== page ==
Canada in the Winter Olympics - A Quick History

Canada in the Winter Olympics - A Quick History


The country's greatest performance was recently at the 2010 Winter Olympics in Vancouver, where Canadian athletes won 26 medals—two more than the 24 they won in the previous Winter Olympics, in Turin, Italy. Also at the 2010 Games, Canada set a new record for most gold medals won by a country in a single Winter Olympics with 14. This passes the previous record of 13 gold medals in one Games set by the Soviet Union in 1976 and matched by Norway in 2002.

Canada has hosted the winter games twice, in Calgary in 1988, and in Vancouver in 2010

Hockey is Canada's national winter sport, and Canadians are extremely passionate about the game. The nation has traditionally done very well at the Olympic Games, winning 6 of the first 7 gold medals. However, by 1956 its amateur club teams and national teams could not compete with the teams of government-supported players from the Soviet Union. When Canada's best players (from the National Hockey League) were able to compete starting in 1998, expectations were high for the country's return to glory, but the Czech Republic won gold and the team fell to Finland in the bronze medal game. Canada finally won its first hockey gold in 50 years in Salt Lake City in 2002, sparking national celebrations. The women's team also won gold in 2002, after winning only silver in the first women's Olympic competition in Nagano. The women repeated as champions in 2006.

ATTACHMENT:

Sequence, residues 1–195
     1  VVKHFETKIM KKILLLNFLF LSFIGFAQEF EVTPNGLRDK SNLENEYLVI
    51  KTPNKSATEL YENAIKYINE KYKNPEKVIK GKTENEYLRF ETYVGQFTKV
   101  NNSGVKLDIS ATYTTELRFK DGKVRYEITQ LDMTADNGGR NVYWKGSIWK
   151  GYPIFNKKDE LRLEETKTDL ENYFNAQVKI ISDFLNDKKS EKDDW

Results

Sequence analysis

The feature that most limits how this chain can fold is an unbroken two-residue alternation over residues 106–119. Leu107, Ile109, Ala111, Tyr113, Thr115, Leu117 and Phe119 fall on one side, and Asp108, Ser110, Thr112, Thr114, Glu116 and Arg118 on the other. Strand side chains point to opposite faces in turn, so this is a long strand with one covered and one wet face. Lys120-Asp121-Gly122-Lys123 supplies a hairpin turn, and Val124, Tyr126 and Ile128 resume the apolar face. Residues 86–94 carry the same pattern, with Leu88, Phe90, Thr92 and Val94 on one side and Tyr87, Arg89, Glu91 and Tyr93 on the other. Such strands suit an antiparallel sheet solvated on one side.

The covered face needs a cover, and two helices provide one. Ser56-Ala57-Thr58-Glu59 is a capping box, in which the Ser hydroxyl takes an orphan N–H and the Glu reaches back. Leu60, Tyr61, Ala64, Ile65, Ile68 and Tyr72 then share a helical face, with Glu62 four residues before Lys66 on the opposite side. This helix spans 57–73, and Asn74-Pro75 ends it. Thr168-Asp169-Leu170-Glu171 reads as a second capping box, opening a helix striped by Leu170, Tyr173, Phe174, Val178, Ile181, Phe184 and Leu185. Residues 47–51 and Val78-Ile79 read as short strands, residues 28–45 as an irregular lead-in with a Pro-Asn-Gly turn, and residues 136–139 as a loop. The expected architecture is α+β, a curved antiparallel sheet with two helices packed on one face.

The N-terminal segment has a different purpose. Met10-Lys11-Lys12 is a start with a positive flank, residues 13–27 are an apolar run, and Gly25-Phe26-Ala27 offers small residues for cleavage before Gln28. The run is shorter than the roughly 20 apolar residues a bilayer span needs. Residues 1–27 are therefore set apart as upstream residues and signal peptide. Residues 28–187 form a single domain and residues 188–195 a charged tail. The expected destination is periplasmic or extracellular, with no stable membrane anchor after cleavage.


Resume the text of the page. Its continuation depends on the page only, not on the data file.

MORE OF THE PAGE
The 2010 games are the first Olympics to take place in an NHL market since the league's players started to compete in the games, as Vancouver is home to the Canucks.

FUN FACTS:

Canada has sent 221 Athletes to Sochi for the 2014 Winter Olympics, the largest team ever for a Winter Games and out of that 221, a record-breaking number of female athletes at 100. 

Nova Scotia has two Athletes competing in the 2014 Sochi Olympic Games; Alexandra Duckworth (Snowboarding) and Sidney Crosby (Hockey).

 

#teamcanada #sochi2014

 

SOURCE: http://en.wikipedia.org/wiki/Canada_at_the_Winter_Olympics 

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